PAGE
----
Yeah.... it's Jason Scott, the guy I had the dubious privilege of having a fairly long, involved conversation/debate with on a Facebook forum a while back. (I belong to a private message group someone created on there where people discuss the "good old days" of the local BBS scene in the area code I lived in back then.)
The BBS Documentary Project was brought up and somehow he was invited to the discussion. I thought that was pretty cool, initially, because I'm one of the people who did an advance purchase of that set of DVDs when I heard it was coming out. I'd never had a conversation with Jason Scott before, but always admired the guy for caring enough about the BBS scene and preserving it as a part of history to make the documentary. (Heck, part of me always wanted to do one myself. I went through a phase where I bought a fair bit of video editing and recording gear and helped make DVDs out of other people's footage from vacations and other events, and wanted to produce something of my own. But life got in the way, as it often does .... a messy divorce, a kid I had to raise on my own, and demands of a new job pretty much squashed that little dream for me.)
But hey, here was a guy in a different place in life who was able to run around the country in his R.V. and actually go get all of these interviews and make the documentary. So, cool... I was happy to give him a little financial support by buying a copy.
After Facebook, my opinion of him changed a bit. For starters, it seems he's really NOT very good at handling constructive criticism. Many of us, for example, simply felt his documentary was oddly biased in a few parts and wanted to ask him why he made some of those choices. For example, after watching the whole thing, I was a little perplexed why he left so much footage in there covering the "ANSI artwork scene"? I fondly remember the days when the WWIV BBS owners would play around in the ANSI art editors for DOS, creating cool welcome screens, and how certain folks achieved near celebrity status as the top ANSI artists out there. But most of the documentary interviewed these younger kids who were part of the later scene that was a very minor footnote. (We're talking the "warez BBS" groups at this point, with people who often as not, just processed GIF or JPG images into ANSI art with utilities and made massive things that had to scroll through 2 full screen displays to see the whole image.) And IMO, their interviews came off pretty arrogant - like the whole BBS community revolved around their work or something. It just felt inaccurate to me.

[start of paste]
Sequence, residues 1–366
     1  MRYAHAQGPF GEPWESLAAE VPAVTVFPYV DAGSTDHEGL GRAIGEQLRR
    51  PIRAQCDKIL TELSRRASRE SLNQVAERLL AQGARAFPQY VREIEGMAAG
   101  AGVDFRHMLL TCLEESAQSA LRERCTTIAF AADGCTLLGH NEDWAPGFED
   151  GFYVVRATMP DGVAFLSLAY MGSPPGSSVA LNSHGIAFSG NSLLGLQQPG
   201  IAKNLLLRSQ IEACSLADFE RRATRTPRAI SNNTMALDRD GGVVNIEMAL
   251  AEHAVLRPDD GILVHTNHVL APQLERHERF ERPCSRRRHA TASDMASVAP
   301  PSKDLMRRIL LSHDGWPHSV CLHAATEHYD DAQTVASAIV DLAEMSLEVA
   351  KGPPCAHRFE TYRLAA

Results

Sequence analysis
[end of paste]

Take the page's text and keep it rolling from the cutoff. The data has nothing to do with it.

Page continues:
So anyway, we brought that up to Scott - but to my surprise, he started attacking us, rather than having an honest discussion about why that choice was made. It turned into a big finger-pointing session of "If you think YOU can do so much better, why don't you make your OWN documentary then!?" It wasn't much different when a few of us wanted to know why our requests, back in the day, to get interviewed for the project were ignored. (Basically, he never interviewed a single person living in our area code or any surrounding area codes, yet we had a huge, fairly influential BBS scene in the 80's.) He turned it into a rant on how expensive it was to drive all over the country to collect all of the footage, and how there was no way he could interview everyone who contacted him, etc. etc.
At the end of the day, I'm still very happy he got some of the interviews captured on video that he did. Some of that would surely be lost to history if it wasn't done. And yes, kudos to him for actually going out there any making this documentary when clearly, the rest of us weren't willing or able to do it at that point in time. But man -- drop the negative attitude! Most of us who would even make the effort to discuss this thing with you and question it are among the core group who actually LIVED it. We actually watched all 4 DVDs full of what you put together, which frankly, MOST people would never even do because they'd find it too "dull and dry" of content. (You kind of had to be there, in the middle of it, to care that much about this stuff.) Some of my questions came more from curiosity than anything else.... like what's the story behind why you couldn't visit city X or Y? There could be some interesting anecdotes about "the time the RV broke down outside Toledo, and ....." or whatever. I think we wanted more of that and less of the, "Screw you for questioning my work, since YOU guys didn't ever make one of these!"